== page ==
*To*: <isabelle-users at cl.cam.ac.uk>*Subject*: Re: [isabelle] Problem with obtaining induction premises*From*: "Vaidas Gasiunas" <gasiunas at informatik.tu-darmstadt.de>*Date*: Tue, 19 Sep 2006 16:52:35 +0200*References*: <63235.172.179.1.159.1158405517.squirrel@www.st.informatik.tu-darmstadt.de> <Pine.LNX.4.63.0609181216390.32591@atbroy65.informatik.tu-muenchen.de> <007401c6db31$b7a6f310$24a55382@st.informatik.tudarmstadt.de> <Pine.LNX.4.63.0609191349150.7427@atbroy100.informatik.tu-muenchen.de>

Indeed, when I write from Cons.hyps have "!!(ys::'a list). [| length zs = length ys; a \<in> set zs |] ==> !y. lookupEq zs ys a = Some y" . then it works. Now I will know how to deal with such cases. Thanks, Vaidas ----- Original Message ----- From: "Makarius" <makarius at sketis.net> To: "Vaidas Gasiunas" <gasiunas at informatik.tu-darmstadt.de> Cc: <isabelle-users at cl.cam.ac.uk> Sent: Tuesday, September 19, 2006 2:05 PM Subject: Re: [isabelle] Problem with obtaining induction premises > On Mon, 18 Sep 2006, Vaidas Gasiunas wrote: > >> I have tried following in my example: >> >> from Cons.hyps have "!!ys. [| length zs = length ys; a \<in> set zs >> |] >> ==> !y. lookupEq zs ys a = Some y" . >> >> It does not work, "by auto" does not help here either. > > You also need a type constraints "!!ys :: 'a list. ..." here. > Otherwise > this closed formula will be syntactically unrelated to the context of > the > problem. > > >> At the end I proved the lemma without explicifying the hypothesis, >> just >> by referring to the fact Cons.hyps by its name. > > This is a good strategy. It is usually easier (and more informative) > to > derive immediate conclusions from the induction hypotheses, rather > than > duplicate them literally. > > >> But I am still curious why "." or "apply" cannot deal with such >> seemingly trivial step. > > Note that 'apply' merely applies a proof method. The "." abbreviates > ``by > this'', which can be expanded to ``apply this .'' The latter allows > more > fine-grained debugging. > > The single step methods (notably "this" and "rule") insist on being > able > to apply all chained facts, without ignoring anything. Thus providing > excessive facts makes the method invocation fail. > > This principle is important to achive some degree of robustness and > predictability of structured proof checking. In contrast, automated > methods readily ignore irrelevant facts. So it is easy to write > proofs > that tell the wrong story, e.g. like this: > > assume a: A > assume b: B > > from a and b have C by auto > > Here the ``auto'' step can ignore either a or b, or even worse ignore > both > and use different facts declared in the context. The relevance of > facts > is a fundamental problem in most automated proof tools. > > >> If I write >> >> have "[| length zs = length ys; a \<in> set zs |] ==> !y. lookupEq zs >> ys >> a = Some y" . >> >> then it works, but >> >> have "!!ys. [| length zs = length ys; a \<in> set zs |] ==> !y. >> lookupEq >> zs ys a = Some y" . >> >> does not work. But the latter is the hypothesis, which I see in the >> context. > > This is again a problem with unexpectedly general types. The first > form > refers to the fixed variable ys of the context, i.e. gets the expected > type. The second is detached due to !! closure and gets a fresh type. > > > Makarius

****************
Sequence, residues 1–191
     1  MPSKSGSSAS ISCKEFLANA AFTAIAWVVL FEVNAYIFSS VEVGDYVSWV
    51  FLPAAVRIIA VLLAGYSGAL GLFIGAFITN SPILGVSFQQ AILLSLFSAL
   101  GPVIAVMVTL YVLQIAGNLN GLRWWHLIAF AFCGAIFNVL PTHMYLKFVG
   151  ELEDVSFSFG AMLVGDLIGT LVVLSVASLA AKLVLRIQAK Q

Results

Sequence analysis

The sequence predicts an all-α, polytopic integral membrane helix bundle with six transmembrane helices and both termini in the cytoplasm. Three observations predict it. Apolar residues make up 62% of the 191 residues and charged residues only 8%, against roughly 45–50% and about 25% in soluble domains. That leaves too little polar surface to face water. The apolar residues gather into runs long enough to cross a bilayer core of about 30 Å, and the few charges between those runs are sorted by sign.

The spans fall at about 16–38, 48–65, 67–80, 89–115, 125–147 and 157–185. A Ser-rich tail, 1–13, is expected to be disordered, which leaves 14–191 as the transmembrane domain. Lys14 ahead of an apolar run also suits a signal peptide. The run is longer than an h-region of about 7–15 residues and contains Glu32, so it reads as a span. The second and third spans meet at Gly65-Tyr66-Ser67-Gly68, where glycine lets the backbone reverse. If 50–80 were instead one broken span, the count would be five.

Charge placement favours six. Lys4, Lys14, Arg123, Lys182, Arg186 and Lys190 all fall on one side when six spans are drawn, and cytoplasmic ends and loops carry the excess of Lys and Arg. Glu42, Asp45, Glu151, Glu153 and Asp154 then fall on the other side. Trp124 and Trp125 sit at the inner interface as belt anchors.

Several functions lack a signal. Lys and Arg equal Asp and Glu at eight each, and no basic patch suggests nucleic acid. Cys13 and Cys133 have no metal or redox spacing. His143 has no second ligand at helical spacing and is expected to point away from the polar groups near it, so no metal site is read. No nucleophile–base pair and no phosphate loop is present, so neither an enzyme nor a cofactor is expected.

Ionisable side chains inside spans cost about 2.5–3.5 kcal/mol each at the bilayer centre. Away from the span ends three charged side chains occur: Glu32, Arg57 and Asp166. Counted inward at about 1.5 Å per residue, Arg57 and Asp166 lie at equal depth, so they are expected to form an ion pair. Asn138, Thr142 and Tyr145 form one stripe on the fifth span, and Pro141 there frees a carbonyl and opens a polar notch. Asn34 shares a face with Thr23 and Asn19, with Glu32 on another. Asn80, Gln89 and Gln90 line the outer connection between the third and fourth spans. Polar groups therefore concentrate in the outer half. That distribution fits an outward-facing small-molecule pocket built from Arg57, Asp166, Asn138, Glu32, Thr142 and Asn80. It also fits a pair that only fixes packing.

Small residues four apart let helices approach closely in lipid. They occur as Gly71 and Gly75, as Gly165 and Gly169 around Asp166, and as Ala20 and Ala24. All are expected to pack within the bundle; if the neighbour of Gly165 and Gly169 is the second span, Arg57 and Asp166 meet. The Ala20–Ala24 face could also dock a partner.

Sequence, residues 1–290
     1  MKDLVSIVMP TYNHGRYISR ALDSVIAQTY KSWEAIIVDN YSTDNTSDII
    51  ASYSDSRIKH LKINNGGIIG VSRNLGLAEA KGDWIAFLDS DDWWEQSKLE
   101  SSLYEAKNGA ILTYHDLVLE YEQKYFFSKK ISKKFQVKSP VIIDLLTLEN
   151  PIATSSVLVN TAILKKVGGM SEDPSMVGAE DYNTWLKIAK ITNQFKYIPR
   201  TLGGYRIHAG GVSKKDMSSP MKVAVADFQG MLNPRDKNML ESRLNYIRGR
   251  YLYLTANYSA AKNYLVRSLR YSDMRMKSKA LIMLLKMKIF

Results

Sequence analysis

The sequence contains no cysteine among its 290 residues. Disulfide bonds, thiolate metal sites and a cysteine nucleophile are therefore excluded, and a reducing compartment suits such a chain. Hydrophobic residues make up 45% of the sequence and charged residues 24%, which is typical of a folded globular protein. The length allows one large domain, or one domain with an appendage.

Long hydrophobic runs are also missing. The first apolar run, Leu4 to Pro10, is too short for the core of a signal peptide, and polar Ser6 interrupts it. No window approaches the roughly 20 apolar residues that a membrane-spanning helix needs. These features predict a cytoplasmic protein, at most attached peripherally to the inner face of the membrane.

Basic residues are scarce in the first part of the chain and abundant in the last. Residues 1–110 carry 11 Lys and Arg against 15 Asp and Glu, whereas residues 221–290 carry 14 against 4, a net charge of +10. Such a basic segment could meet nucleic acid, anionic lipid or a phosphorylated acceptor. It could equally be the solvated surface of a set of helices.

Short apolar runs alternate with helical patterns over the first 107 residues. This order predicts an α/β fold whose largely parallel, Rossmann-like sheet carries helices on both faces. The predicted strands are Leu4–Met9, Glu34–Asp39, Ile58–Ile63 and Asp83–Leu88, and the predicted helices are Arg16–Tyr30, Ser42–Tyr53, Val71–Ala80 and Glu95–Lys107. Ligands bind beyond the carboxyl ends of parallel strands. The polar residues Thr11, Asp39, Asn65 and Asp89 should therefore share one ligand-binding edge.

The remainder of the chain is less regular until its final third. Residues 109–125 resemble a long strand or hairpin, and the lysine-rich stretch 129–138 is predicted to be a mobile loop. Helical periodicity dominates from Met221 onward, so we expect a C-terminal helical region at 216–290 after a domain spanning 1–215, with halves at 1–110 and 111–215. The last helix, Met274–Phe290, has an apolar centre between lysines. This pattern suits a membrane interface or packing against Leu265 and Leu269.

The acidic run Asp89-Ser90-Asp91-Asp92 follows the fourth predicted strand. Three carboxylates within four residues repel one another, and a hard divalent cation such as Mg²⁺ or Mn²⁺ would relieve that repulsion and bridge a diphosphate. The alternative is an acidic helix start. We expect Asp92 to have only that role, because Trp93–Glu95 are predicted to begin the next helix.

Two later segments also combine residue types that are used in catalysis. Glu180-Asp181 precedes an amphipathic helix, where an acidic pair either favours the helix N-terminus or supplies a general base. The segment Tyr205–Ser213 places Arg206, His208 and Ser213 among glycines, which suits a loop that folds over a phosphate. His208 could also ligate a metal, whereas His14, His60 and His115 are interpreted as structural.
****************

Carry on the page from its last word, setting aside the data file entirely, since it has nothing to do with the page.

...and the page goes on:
**References**:**[isabelle] Problem with obtaining induction premises***From:*Vaidas Gasiunas

**Re: [isabelle] Problem with obtaining induction premises***From:*Makarius

**Re: [isabelle] Problem with obtaining induction premises***From:*Vaidas Gasiunas

**Re: [isabelle] Problem with obtaining induction premises***From:*Makarius

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